Hyperscalers have already exhibited some interest in enterprise networking, but their primary focus remains on Infrastructure-as-a-Service (IaaS). However, ABI Research believes that if these ultra-scalable, service-orientated players swivel further toward the Network-as-a-Service (NaaS) market, telcos may be in trouble, as hyperscalers are in a great position to offer valuable end-to-end enterprise cloud networking solutions.
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Hyperscalers Are Dangling Their Feet in the Network Service Pool, but Have Yet to Dive In
Hyperscalers are forever looking to leverage their core competencies to enter new marketplaces. Most recently, in 2021, Amazon Web Services (AWS) surprised the market by introducing a private 5G solution. Already with a range of enterprise Wide-Area Network (WAN) solutions, hyperscalers are in a position, if they so choose, to double down and compete in the NaaS market:
- AWS has released Cloud WAN, Site-to-Site VPN, and Direct Connect as parts of its hybrid connectivity range.
- Azure delivers low-latency performance for cloud applications through ExpressRoute.
- Google Cloud Platform (GCP) offers Hybrid Connectivity, enabling connections from anywhere to the cloud.
All of these solutions are highly flexible, scalable WAN solutions offering an option for enterprises to simplify connectivity from on-premises to cloud applications across a global backbone.
The NaaS market could offer hyperscalers enormous upside by drawing enterprises into and delivering value-add services with lifecycle management within an end-to-end cloud networking solution. Given hyperscaler dynamism and the slow pace of telco innovation, ABI Research believes that if hyperscalers pivot to the NaaS market, they could become substantial challengers.
Hyperscalers' Core Competencies Put Them in a Good Position to Challenge
NaaS is a consumption model that allows enterprises to “rent” virtualized network infrastructure on a “pay-as-you-use” or “pay-as-you-grow” service contract. It relies upon Communication Service Providers (CSPs) offering software-defined, cloud-native network infrastructure hosted in public or private clouds. But what says that hyperscalers, which are mainly IaaS providers, cannot be a force to reckon with if they choose to pivot to this market?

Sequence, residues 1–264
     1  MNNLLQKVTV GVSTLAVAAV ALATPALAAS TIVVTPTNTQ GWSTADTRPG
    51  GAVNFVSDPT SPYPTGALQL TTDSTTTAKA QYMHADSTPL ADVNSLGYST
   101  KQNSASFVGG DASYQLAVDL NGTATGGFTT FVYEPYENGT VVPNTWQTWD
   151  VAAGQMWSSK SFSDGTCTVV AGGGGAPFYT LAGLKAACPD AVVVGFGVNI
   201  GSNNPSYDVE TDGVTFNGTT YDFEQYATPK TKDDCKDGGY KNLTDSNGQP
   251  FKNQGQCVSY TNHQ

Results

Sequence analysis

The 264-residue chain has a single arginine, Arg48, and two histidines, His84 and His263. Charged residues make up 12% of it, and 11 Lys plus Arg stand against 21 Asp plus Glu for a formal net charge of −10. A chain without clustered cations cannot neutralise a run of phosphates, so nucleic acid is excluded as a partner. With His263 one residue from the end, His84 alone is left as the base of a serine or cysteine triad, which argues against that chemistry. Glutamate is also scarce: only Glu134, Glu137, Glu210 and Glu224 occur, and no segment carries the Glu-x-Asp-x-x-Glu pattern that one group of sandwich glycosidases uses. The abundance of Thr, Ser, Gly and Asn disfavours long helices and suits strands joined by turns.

In short, hyperscalers’ core competencies would provide them with a launchpad to deliver a NaaS solution, which would form part of an end-to-end, fully integrated enterprise cloud service. But significant hurdles still exist:
- Lack of Network Infrastructure: Networking remains an under-supported area within hyperscalers (especially compared to telcos).
- Enterprise Multi-Cloud: Fear of “vendor lock-in” means that enterprises are forgoing efficiency, in favor of a “multi-cloud” strategy. Considering the interoperability and barriers between public cloud providers, this will reduce the value of hyperscaler-led NaaS.
Hyperscalers Could Rock the Market, but if Telcos Act Now, They Remain in a Strong Position
Hyperscalers challenging the NaaS market would offer a valuable proposition to enterprises. First, given the importance of public cloud applications for business operations, using a hyperscaler NaaS will improve performance, as well as resource and networking efficiency. Second, hyperscalers are viewed by enterprises as more forward-thinking and innovative players, which will enhance value perception and provide hyperscalers with a perfect Go-to-Market (GTM) strategy. Third, in terms of aligning with market needs, hyperscalers are rightly seen as cloud specialists, and those looking to migrate toward a cloud-first or cloud-native strategy will favor hyperscaler solutions.
However, ABI Research still strongly believes that telcos can compete in this market. Offering an end-to-end service, owning the network infrastructure, having existing enterprise relationships, and offering multi-cloud accessibility will be key competitive differentiators for telcos. ABI Research expects that enterprises will go to their existing network operators as their first port of call during the transition to NaaS. However, most telcos currently only offer a form of Software-Defined Wide-Area Network (SD-WAN), but they must do more to develop customizable customer-focused network service ecosystems that highlight revenue-generating services. To heighten their NaaS value proposition, telcos need to invest/restructure in three key areas:
- Technology: Invest heavily in virtualizing legacy infrastructure, integrating AIOps, and reducing time-to-market for value-added services.
- Culture: Refresh C-suite and executive positions with recruitment focused on startups and hyperscalers to drive agility and flexibility throughout the organization with a focus on service ethos and positive customer experiences.
- Structure: Reduce internal fragmentation, cannibalize legacy Business Units (Bus), and increase open innovation through partnerships with hyperscalers, network startups, and other telcos.
Telcos remain in a strong position within the NaaS market, but if they do not evolve rapidly, hyperscalers are in a position, if they choose, to pull the rug out from underneath them.